The IDF does not have enough Iron Dome anti-missile batteries to cover both the Gaza and northern fronts. The system would be further stretched if central Israel came under attack.
In two barrages on June 20 and June 27, Hamas launched up to 100 missile mortar shells from the Gaza Strip against Israel towns and villages. Timely alerts sent civilians to shelters in time to avoid casualties. But it had had become obvious that the south was short of Iron Dome batteries to ward off heavy rocket salvoes, because the bulk were deployed along Israel’s northern border where war tensions are rising. This deficiency would become critical if central Israel came under missile attack. This eventuality comes closer as Hizballah and Iraqi Shiite militias, under Iranian Revolutionary Guards command, become a strong component of the Russian-backed Syrian assault advancing in the Daraa province.
Israel’s generals and other strategists are painfully aware of the inadequacy of protection for North and for the national strategic facilities across the country from the new precision missiles, especially those in the Hizballah arsenal. Such missiles could be launched from Syria, Lebanon or the Gaza Strip.
To address this rising threat, the Israel security cabinet is meeting urgently on Sunday night, July 1, to draw up plans for preparing the northern home front for an outbreak of hostilities. The meeting was later postponed. The ministers will need quite soon to resolve a hot debate taking place in recent weeks among Israel’s military leaders over whether to supplement Israel’s Iron Dome missile interception system with new US laser beam weapons. Israeli projects for developing these systems, partly in conjunction with US partners, were shut down in 2007, when it was decided to focus on the home-made Iron Dome. Then, too, some circles argued that the high cost of deploying the Israeli Iron Dome did not justify the large investment in its development. But after the last Gaza operation in 2014, Iron Dome was held as a national icon and no one talked about its high cost.
However, now the threat has exacerbated. Potentially ranged against Israel are at least 12,000 different kinds of advanced missiles, which pack are far deadlier and more precise punch than the Hamas projectiles of four years ago. And so the argument has revived. It is calculated that it will take at least three to four Iron Domes to intercept one these advanced enemy missiles, a prohibitive outlay that would come on top of the high expense of conducting a full-scale war. This is beyond Israel’s means. The arithmetic is simple: Downing an estimated number of 12,000 enemy missiles would take more than 30,000 Iron Dome missiles, at the astronomical cost of $5 billion. The preponderant rationale under consideration therefore is for Israel to stop paying for additional Iron Domes and instead buy SkyGuards, an anti-missile laser system developed from the US Nautilus, which is readily available or can be quickly assembled.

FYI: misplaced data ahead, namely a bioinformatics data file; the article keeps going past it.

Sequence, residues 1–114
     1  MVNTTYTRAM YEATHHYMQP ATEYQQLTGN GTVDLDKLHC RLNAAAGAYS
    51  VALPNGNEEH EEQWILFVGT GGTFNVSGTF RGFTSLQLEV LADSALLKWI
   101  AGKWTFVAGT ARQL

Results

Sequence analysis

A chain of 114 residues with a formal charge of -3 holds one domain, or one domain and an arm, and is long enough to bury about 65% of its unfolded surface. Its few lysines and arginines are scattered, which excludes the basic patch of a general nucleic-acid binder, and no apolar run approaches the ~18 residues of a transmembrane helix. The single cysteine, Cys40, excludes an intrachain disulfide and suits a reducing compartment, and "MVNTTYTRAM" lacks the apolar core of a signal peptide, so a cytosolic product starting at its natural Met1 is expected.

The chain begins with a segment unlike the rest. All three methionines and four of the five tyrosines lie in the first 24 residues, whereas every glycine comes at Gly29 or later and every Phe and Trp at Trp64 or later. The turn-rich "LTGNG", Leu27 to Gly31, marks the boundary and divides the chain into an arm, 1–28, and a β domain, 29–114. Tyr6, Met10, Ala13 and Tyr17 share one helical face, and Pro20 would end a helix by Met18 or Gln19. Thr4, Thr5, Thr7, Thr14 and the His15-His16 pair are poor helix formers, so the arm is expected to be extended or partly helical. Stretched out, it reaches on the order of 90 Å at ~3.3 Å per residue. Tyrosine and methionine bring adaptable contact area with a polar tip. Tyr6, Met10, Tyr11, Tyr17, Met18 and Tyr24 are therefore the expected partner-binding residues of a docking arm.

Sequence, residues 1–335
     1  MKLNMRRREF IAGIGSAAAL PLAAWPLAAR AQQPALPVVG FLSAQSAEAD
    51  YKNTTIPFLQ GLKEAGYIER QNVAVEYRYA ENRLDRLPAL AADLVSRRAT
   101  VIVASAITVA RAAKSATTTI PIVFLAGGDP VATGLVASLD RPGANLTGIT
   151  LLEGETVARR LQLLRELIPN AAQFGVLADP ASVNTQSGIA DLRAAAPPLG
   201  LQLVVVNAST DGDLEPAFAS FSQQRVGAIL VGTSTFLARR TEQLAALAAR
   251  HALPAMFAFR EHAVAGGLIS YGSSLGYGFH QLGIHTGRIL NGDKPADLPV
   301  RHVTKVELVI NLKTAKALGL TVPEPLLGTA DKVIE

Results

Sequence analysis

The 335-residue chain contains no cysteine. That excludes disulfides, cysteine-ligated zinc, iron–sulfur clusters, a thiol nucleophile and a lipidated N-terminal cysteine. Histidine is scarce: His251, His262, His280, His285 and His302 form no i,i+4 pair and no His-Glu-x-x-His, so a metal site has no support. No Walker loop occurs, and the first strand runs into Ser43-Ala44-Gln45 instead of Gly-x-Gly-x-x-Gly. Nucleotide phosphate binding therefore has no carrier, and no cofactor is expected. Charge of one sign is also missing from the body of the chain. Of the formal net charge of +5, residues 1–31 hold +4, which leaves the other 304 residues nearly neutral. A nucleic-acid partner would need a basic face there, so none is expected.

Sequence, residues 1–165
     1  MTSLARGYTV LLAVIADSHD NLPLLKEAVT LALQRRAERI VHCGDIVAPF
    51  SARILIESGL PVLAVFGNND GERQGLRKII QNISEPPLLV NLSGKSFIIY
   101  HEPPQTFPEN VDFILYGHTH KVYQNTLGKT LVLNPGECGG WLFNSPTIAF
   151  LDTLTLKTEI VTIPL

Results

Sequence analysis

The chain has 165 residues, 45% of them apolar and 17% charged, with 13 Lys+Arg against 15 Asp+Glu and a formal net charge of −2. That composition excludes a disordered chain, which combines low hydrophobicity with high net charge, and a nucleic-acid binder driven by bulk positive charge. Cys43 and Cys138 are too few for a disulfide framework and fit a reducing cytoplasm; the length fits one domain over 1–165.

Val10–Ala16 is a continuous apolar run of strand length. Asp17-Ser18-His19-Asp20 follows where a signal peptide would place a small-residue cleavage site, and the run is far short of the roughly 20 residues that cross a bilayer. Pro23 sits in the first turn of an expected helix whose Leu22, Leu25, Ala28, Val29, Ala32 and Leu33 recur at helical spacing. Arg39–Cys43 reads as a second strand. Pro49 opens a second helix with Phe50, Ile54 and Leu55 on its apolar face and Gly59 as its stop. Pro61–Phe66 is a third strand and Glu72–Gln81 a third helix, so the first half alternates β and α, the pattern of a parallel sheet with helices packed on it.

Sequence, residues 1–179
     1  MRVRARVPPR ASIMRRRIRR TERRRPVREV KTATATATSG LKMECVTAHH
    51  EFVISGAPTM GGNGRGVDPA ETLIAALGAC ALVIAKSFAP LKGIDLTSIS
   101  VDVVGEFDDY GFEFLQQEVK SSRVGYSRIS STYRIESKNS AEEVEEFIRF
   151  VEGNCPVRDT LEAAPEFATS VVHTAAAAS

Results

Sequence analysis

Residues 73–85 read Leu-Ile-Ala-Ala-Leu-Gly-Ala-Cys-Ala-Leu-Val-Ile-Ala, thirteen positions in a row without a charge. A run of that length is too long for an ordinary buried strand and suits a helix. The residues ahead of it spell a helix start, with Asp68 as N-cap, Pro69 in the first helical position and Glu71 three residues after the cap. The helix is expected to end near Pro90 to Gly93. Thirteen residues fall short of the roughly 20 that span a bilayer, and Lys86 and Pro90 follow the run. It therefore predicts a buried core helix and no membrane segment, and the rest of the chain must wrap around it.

Fifteen SkyGuard batteries (at $75 million apiece) would come to around $1.125 billion, representing a saving of $3.75 billion compared to the cost of Iron Domes.
The pro-Iron Dome lobby is putting up a strong fight against introducing the laser interceptor to IDF service. Part of this argument is that replacing the Israel product would be detrimental to sales on world markets. Last week, as part of the Iron Dome campaign, reports of a laser beam’s effectiveness against the incendiary kites and balloons flying across the Gaza-Israeli border were hushed up. But as threats escalate on two fronts, the IDF may not have enough time to train field units in anti-missile laser warfare to meet the next conflagration.